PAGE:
velocity obtained from lifting line theory. The solution to

the problem of analyzing the ow around a given foil then

requires the solution of two coupled problems: a local 2D

problem at each spanwise position and a global 3D lifting

line problem. This idea was formalized many years later by

the theory of matched asymptotic expansions where the solution to the wing problem could be found in terms of an expansion in inverse powers of the aspect ratio. The matched

asymptotic solution may be found in Van Dyke (1975), but

we will only present Prandtls original method here.

First recall that the sectional lift coefcient, CL , is

Fzy

2y

CLy

(3.56)

Ucy

1

U 2cy

2

where c (y) is the local chord as illustrated in Fig. 3.12. To

keep things as simple as possible for the moment, let us assume that the foil sections have no camber. Then, if the ow

were 2D, the lift coefcient at spanwise position y would be

CLy

2y

2y

Ucy

(3.57)

60

PROPULSION

2.5

2.25

0.75

0.5

0.25

1.5

Girculation, /Us

1.75

0

W-EXACT

W-NUM

G-EXACT

G-NUM

1.25

1

-0.25

-0.5

0.75

-0.75

0.5

Downwash, w /U

-1

0.25

-1.25

0

-0.5

-0.25

-1.5

0.5

0.25

Figure 3.26 Comparison of vortex lattice and exact results for an elliptically loaded

lifting line with a1 1.0. The solution was obtained with 64 panels using cosine spacing with central control points.

modied to account for 3D effects by reducing the angle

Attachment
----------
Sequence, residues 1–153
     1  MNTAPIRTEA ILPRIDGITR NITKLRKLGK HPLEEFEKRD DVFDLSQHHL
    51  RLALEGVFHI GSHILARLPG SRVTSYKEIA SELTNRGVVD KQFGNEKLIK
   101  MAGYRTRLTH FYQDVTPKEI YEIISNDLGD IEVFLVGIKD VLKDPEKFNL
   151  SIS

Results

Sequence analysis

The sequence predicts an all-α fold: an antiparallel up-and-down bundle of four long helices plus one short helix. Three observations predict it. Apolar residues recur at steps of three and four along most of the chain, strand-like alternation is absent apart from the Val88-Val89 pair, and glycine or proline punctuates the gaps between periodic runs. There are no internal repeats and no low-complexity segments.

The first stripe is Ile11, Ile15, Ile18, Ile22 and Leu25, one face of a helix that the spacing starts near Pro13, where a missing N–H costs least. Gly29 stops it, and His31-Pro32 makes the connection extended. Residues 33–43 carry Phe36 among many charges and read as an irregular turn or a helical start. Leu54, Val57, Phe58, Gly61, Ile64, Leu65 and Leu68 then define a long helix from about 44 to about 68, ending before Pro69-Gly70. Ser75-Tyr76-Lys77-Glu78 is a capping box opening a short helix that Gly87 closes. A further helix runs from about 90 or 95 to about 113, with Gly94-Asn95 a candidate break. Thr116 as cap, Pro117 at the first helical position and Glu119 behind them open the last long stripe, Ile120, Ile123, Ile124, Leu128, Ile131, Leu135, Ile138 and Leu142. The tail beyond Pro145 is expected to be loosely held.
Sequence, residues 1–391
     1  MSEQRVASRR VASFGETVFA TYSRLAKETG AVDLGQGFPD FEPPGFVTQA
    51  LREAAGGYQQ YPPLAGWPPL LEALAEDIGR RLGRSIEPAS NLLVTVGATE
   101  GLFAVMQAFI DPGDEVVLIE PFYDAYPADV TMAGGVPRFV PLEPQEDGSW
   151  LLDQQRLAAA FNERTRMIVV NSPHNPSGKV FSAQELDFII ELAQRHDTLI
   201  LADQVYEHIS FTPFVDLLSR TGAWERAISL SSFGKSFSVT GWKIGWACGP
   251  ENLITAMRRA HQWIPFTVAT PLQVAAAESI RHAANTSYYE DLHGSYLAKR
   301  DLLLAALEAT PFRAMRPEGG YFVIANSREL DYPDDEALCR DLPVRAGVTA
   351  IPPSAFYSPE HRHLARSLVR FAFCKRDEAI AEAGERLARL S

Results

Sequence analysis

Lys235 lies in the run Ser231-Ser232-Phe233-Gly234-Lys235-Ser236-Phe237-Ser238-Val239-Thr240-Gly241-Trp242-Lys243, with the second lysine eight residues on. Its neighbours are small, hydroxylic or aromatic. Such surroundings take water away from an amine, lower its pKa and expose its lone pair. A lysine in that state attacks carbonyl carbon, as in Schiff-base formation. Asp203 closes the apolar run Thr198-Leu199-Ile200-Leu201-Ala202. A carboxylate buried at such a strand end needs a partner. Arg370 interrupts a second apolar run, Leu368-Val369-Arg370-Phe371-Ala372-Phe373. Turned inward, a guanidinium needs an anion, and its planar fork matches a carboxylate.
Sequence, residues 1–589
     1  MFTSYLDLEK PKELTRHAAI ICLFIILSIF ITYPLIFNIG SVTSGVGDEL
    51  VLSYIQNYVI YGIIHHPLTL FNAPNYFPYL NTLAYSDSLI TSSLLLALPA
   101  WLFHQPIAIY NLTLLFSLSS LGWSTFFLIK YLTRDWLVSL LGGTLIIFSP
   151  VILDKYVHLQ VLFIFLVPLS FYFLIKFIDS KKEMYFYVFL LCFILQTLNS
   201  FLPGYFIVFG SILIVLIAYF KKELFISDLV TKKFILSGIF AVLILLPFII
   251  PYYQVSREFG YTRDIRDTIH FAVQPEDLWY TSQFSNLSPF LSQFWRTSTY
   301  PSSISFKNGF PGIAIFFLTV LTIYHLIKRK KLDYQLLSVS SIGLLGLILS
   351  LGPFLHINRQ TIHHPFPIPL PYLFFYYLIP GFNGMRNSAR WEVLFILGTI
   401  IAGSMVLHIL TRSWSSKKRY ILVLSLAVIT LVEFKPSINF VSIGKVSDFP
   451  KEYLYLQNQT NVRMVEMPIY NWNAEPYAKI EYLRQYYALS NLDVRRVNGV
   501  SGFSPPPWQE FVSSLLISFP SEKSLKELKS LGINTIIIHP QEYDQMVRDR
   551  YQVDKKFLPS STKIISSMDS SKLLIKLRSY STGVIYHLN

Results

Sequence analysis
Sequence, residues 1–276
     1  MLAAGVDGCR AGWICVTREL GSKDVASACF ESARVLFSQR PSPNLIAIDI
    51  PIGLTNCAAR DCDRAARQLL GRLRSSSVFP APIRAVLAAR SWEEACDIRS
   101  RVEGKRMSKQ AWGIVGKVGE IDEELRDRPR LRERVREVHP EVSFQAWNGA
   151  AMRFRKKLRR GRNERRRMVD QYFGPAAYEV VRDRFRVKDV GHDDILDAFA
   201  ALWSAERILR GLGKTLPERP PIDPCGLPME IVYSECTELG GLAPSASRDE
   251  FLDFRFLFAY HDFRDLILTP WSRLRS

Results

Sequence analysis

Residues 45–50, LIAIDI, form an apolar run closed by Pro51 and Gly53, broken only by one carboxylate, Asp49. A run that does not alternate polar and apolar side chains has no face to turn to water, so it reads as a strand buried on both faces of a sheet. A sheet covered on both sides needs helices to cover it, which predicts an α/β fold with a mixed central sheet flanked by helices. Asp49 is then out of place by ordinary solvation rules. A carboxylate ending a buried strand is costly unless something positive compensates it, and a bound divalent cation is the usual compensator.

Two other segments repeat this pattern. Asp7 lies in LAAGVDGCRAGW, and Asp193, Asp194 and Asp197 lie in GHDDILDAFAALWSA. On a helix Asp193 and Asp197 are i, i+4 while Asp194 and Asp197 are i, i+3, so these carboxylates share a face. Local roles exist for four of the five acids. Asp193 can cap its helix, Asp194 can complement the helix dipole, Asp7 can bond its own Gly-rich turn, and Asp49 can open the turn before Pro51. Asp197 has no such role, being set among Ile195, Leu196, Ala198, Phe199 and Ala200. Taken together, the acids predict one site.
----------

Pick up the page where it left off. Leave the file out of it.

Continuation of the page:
of attack by the induced angle

CLy

2y

2 y iy

Ucy

(3.58)

2 y w y U

*

be expressed in terms of the coefcients in Glauerts

expansion, from equations (3.39) and (3.43). Equation

(3.58) then becomes

CLy

4s

an sinny

cy n1

CLycn

(3.59)

na sinny

2 y n

sin y

n1

Percent Errors in Vortex Lattice Predictions for Fz, Fx, and Fx/(Fz)2

Given (y)

2n

1

2 n

U

Ucn

wn,m

m1

(3.60)

n 1, M

Spacing and Cosine Control Points

Panels

y along the foil. Given a distribution of chord length c (y)

and angle of attack (y), we can nd the rst M coefcients in the Glauert expansion for the circulation by

satisfying equation (3.59) at M spanwise positions. The

solution will presumably become more accurate as M is

increased.

Another alternative is to go back to equation (3.58)

and use a VLM to solve for discrete values of the

circulation. Because equation (3.52) gives us the downwash, w* at the nth panel as a summation over the M